Law Society President’s Weekly Update for Local Law Societies – 11th May 2020

14th May 2020

Prime Minister’s statement

Our advice and guidance to members on coronavirus (Covid-19) has not changed following the prime minister’s statement on Sunday 10 May.

We will comment further when official guidance is published during the week commencing 11 May.

Public Law

Civil Justice
The Civil Justice Council has released a rapid consultation seeking views on the impact of COVID-19 measures on the civil justice system, and the Law Society intends to respond. This mirrors the equivalent consultation from the president of the Family Division which closed last month. The Civil Justice Council is particularly seeking feedback from court users who have taken part in remote hearings during the pandemic, and will use the findings of the consultation to inform any further guidance that is issued and identify areas where additional work may be needed. The Law Society will be gathering information from our members and will respond to the consultation.

Mental Health
This week we spoke with the Information Commissioner’s Office (‘ICO’) about data sharing concerns in relation to vulnerable people during the pandemic, especially those who may lack the capacity to consent to their data being shared. The ICO asked Law Society members to raise any concerns with them via their helpline to collect further data alongside providing advice.

We responded to the Housing, Communities and Local Government Committee inquiry on housing issues during the pandemic, specifically for the private rented sector and the homeless/rough sleepers. Our response recommended the formulation of plans and strategies to reopen the courts safely, support for organisations with legal aid contracts for the Housing Possession Court Duty Scheme to replace the lost income resulting from the suspension of possession hearings and provision of legal aid funding for early legal advice in possession cases.

Private Client
Last week we had our regular meeting with HMCTS and other key stakeholders to review the status of the probate service, a summary of which will be available on the website shortly. HMCTS would like our members to note the new deadline regarding the transition to the new paper forms is 18 May 2020. During this meeting we discussed the impact of coronavirus, contingency plans and the online probate service.


On Monday myself and our head of public law gave evidence to the Justice Select Committee on Coronavirus (COVID-19) and the impact on prison, probation and court systems. Other witnesses were:

  • John Bache JP, national chairman, Magistrates Association
  • Bill Waddington, chairman, Criminal Law Solicitors Association
  • Amanda Pinto QC, chair, The Bar Council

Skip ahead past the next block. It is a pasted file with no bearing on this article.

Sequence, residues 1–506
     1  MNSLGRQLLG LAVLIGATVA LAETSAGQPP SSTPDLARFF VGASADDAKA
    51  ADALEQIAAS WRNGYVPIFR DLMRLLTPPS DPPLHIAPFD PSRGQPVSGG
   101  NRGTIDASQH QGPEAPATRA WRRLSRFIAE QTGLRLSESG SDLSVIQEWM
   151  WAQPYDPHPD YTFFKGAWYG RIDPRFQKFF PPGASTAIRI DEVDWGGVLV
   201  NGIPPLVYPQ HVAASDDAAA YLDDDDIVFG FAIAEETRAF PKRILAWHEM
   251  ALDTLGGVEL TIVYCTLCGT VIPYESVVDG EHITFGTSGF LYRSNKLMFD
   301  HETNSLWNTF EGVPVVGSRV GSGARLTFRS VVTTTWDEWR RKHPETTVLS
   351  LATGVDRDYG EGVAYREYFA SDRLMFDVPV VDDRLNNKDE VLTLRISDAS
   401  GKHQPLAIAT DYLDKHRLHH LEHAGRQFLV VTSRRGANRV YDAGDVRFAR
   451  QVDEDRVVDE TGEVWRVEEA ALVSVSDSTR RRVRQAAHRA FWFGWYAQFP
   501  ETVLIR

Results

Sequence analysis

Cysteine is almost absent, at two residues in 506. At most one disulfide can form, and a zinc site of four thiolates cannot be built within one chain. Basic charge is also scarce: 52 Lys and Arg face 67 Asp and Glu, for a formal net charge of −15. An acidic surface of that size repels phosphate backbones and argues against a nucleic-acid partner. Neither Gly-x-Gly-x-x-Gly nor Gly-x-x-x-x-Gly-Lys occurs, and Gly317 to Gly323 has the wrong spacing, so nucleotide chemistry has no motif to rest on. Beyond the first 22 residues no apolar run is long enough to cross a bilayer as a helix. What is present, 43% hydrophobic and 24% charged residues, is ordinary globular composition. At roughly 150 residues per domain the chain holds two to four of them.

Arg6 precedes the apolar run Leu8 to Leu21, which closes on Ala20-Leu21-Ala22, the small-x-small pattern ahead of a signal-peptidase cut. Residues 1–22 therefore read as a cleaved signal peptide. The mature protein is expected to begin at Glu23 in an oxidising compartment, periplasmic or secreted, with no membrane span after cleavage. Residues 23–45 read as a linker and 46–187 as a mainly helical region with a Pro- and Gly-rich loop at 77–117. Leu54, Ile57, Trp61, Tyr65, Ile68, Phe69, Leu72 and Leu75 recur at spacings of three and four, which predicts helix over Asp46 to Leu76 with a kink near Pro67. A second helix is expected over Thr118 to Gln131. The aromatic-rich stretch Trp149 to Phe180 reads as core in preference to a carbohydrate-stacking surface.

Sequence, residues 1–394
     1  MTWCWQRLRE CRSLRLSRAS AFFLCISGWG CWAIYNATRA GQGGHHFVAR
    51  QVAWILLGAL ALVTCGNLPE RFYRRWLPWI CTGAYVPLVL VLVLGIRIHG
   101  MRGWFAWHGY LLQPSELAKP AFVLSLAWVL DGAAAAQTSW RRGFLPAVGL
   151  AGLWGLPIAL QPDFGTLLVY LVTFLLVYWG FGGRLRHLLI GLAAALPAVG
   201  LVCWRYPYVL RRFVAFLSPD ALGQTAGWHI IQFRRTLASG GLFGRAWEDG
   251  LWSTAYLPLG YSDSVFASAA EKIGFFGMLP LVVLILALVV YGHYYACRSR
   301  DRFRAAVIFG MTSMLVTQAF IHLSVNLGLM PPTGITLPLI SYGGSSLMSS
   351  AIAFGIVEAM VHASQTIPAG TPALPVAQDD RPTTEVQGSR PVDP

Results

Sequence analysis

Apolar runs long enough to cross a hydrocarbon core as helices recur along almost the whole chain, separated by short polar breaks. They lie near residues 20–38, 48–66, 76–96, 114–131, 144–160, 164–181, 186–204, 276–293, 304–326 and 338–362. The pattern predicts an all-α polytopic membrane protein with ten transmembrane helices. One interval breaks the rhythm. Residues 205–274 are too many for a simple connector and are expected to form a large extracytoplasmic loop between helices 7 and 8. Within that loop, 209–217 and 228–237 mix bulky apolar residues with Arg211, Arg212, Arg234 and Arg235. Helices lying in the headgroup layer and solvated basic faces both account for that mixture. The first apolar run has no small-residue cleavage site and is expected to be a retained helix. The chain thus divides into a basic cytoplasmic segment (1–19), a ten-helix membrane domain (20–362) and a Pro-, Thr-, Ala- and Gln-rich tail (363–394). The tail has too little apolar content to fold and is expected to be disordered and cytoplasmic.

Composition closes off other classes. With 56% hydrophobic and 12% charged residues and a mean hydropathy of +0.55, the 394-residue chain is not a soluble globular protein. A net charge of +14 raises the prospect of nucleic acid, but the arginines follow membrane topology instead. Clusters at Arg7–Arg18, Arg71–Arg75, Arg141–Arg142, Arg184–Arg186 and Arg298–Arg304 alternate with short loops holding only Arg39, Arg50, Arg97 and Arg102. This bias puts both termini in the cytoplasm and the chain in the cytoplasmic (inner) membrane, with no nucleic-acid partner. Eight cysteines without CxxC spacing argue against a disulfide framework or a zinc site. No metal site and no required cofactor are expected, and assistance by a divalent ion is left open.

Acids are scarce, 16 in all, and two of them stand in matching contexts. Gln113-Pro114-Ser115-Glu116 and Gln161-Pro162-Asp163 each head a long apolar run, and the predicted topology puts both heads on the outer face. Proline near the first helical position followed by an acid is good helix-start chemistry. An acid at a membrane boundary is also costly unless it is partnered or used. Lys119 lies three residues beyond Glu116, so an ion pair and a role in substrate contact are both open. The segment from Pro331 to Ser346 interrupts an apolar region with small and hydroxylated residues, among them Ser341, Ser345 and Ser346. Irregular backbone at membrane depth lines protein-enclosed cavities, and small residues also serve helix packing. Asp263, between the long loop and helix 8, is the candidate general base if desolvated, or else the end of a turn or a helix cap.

• Caroline Goodwin, chair of the Criminal Bar Association
  • Elspeth Thomson, national committee member and co-chair of Legal Aid Committee, Resolution
  • Chris Philp, parliamentary under secretary of state, Ministry of Justice (courts)
  • Alex Chalk, parliamentary under secretary of state, Ministry of Justice (legal aid)
  • Susan Acland-Hood, chief executive, HM Courts and Tribunals Service

The Law Society also met with the attorney general, Suella Braverman, to discuss the impact of coronavirus on the profession, the upcoming Constitution Commission, the disclosure review and Brexit.

We have been in the media this week to promote the role and value of the profession in difficult times

The Daily Mail, Times (£), Guardian Telegraph, New Law Journal, Legal Futures and the Voice all reported on Law Society research that 71% of high-street firms believe they may have to close their doors in the next six months due to the impact of Covid-19.


I said: “The shock to the legal services sector has been sudden and severe. There are widespread concerns over liquidity as firms face a dramatic plunge in income with work falling away.”

The FT meanwhile expanded the same story including quotes from me during my select committee appearance.

The Times (£) then went into additional detail in a feature for its Thursday law pages.

The Gazette reported the government will give charities and law centres £5.4 million to survive the coronavirus pandemic and meet growing demand for social welfare advice. I said solicitors, who continue to do pro bono work through law centres, “stand ready, willing and able” to help, adding that he hopes similar investment will be made for legal aid firms “which have been operating for years been on the tightest of margins as a result of low fees and are now suffering a significant reduction in income”.
Gary Rycroft, chair of our digital assets working group, spoke to BBC Radio 4’s Money Box programme (starts from 11:05) and BBC Look East about claiming airlines not giving refunds to passengers who had booked travel.

In our non Covid news

Diversity and Inclusion roundtable events

Please find link below to future events